The 5 Layers of the Smart City
by Anders Lisdorf
When we say we want our future cities to be smart, what we really mean is that we want to use technology to make our cities more effective, resilient, sustainable, and safe. We don't want to have to queue in line for hours to speak to a government official or walk through smog infested streets where we can't drink the water from the tap. That is not smart. The smart city is a beacon of a utopian future.
However, the details of what, how, when, and with whom we create this smart city is much more tenuous. There is no dearth of vendors and pundits interested in the smart city willing to supply their own angle on this. While this can be inspirational, one often loses sight of the bigger picture. Today many cities find themselves unable to truly harness the potential of the smart city technologies available. In order to maintain the orientation and focus on a practical way to make cities smarter it can help to focus on five distinct layers of the smart city that need to be understood and managed.
A precondition for making technologies smart is that they can be connected. Networks are much more than just something the infrastructure network engineer is responsible for. Networks are also social networks, relationships, organizations, and so on. Networks come in different forms and sizes with very different properties. Understanding the structure and properties of networks is important for designing connection solutions that support the goals of the city. For example, do we want a resilient network at any price, or do we want centralized control? These two things are not generally compatible.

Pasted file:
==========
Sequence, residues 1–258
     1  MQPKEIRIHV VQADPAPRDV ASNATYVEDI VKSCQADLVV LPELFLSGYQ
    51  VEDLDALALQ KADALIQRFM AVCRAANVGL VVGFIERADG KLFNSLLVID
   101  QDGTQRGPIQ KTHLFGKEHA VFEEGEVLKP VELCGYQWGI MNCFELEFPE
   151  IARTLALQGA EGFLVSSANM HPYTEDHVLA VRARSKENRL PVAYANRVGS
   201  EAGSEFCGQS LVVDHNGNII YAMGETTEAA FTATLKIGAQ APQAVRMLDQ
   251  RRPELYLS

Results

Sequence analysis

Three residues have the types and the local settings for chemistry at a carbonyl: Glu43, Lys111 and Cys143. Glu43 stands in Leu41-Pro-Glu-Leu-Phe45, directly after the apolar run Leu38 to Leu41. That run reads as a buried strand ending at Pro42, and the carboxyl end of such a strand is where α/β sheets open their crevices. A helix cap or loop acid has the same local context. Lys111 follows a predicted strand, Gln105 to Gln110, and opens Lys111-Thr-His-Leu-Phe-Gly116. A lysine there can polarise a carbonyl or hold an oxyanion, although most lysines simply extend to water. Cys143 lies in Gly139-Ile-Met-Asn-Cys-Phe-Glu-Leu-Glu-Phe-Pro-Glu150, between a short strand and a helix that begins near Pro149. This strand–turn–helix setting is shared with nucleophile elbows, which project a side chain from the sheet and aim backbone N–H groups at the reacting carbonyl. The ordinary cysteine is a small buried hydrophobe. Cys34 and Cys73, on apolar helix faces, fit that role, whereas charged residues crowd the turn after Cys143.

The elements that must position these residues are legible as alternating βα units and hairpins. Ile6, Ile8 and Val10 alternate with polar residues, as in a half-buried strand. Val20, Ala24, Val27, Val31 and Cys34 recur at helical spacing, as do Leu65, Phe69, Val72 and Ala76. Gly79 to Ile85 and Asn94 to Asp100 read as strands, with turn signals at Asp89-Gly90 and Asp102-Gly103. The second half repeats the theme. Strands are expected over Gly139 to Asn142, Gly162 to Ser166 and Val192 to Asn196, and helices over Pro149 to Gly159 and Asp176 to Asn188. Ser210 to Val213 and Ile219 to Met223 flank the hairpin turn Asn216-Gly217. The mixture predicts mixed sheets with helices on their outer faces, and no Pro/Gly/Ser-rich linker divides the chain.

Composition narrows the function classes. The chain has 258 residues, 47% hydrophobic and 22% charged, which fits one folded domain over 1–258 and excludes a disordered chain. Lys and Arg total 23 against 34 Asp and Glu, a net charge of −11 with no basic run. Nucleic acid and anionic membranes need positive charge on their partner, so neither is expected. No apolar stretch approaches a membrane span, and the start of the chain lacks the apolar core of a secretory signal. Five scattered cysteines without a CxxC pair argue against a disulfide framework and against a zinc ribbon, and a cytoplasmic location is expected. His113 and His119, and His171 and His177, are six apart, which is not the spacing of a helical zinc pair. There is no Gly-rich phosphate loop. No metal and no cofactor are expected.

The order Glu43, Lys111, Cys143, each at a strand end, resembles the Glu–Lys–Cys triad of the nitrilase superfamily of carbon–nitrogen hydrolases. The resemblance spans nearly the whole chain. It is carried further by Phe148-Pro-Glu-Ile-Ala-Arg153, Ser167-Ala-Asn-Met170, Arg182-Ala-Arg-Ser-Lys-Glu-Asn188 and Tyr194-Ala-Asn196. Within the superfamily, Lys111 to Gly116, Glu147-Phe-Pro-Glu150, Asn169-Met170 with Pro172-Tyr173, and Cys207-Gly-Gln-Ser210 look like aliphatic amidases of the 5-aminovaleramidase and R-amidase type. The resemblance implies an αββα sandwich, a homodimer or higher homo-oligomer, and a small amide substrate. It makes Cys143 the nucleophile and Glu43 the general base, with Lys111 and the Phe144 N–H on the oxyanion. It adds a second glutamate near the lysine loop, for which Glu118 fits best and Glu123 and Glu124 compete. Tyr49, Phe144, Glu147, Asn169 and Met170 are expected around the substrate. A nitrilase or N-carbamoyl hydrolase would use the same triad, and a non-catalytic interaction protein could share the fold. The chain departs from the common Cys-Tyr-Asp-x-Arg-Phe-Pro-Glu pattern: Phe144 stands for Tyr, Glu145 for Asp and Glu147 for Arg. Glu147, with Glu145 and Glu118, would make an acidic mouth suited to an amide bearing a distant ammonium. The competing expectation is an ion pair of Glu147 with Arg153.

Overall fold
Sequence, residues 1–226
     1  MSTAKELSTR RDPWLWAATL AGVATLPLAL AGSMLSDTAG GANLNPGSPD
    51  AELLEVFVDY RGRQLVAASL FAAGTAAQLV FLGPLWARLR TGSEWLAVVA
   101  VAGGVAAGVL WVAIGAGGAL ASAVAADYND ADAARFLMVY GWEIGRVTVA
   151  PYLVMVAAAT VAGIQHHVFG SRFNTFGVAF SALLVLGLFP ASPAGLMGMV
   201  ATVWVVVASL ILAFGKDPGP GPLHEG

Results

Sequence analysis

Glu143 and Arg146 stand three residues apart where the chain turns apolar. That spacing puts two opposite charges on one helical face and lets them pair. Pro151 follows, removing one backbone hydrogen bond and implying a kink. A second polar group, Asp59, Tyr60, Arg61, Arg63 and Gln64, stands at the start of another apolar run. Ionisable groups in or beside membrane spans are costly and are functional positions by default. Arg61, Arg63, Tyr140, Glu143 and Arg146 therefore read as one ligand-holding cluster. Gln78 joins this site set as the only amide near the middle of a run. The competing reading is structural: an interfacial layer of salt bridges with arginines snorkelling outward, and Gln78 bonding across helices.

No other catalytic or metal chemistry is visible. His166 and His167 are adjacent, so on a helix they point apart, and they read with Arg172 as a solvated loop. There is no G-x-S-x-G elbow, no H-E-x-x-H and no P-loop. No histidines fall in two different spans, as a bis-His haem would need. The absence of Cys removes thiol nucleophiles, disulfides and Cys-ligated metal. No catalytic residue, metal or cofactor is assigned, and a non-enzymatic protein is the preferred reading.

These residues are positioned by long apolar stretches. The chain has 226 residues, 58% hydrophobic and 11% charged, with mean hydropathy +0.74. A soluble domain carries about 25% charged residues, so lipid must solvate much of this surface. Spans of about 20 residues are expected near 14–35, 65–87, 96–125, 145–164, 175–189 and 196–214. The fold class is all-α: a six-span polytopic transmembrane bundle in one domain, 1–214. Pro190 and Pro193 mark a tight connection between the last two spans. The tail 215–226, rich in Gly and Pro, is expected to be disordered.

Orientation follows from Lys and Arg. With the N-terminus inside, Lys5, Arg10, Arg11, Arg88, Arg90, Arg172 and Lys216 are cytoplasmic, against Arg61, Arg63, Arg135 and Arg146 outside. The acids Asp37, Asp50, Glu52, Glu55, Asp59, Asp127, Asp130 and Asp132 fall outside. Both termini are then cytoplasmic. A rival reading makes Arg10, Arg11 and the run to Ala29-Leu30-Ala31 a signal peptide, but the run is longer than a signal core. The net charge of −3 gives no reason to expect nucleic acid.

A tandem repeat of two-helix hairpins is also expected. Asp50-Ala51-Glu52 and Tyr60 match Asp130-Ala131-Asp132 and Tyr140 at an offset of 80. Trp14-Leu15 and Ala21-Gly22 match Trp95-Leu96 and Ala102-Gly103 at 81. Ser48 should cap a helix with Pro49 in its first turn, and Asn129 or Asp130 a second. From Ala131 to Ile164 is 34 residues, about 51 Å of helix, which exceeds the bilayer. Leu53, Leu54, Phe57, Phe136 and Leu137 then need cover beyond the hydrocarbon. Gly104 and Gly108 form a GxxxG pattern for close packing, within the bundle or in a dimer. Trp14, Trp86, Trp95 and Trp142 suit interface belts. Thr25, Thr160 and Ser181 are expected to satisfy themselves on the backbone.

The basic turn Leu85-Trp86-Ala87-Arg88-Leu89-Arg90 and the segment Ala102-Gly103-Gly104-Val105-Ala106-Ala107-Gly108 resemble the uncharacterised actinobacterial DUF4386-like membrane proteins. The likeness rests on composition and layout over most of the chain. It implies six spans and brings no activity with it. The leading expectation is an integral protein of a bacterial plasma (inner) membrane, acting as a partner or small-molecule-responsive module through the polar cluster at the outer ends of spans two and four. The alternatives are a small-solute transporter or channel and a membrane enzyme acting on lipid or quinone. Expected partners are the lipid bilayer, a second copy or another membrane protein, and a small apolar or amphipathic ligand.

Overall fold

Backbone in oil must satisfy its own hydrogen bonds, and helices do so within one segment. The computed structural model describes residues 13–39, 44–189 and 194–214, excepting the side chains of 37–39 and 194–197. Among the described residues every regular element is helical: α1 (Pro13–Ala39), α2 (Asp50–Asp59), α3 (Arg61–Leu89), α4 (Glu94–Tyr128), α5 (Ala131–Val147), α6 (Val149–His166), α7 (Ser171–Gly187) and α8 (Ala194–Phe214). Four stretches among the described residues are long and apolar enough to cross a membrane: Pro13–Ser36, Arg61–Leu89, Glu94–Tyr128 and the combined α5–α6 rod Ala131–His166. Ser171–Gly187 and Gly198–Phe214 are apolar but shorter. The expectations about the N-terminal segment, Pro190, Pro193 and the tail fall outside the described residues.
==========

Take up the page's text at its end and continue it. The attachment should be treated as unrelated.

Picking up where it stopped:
But networks are also technical networks—wired or wireless—that come in many different variants. The cellular and wifi networks have become a mainstay of popular culture and used by virtually everyone living in the city. Nevertheless, a vast underground of different types of networks are becoming more widespread. Some have ranges one-hundred-fold of cellular and wifi while others support very low energy transmission that allows the device to run on batteries for years or even decades. Understanding and choosing the right network for the job is becoming an increasingly important part of the smart city.
Different devices serve different purposes and come in many different shapes and sizes. They are so much more than just the phones, watches, and tablets that we know. Everything from tiny pace makers to industrial components can be categorized as devices. There are two primary groups: sensors and actuators. The sensors measure aspects of their environment. That could be temperature, humidity, air quality, or movement. These signals from the environment are translated into electrical signals, which can in turn be transformed to data that can be sent to a receiver. Actuators change their environment typically through movement. A basic example of a sensor and actuator is the automatic sliding door where a movement sensor registers movement and an actuator slides the doors apart. Actuators also open and close valves in watering systems and drive the limbs of robots.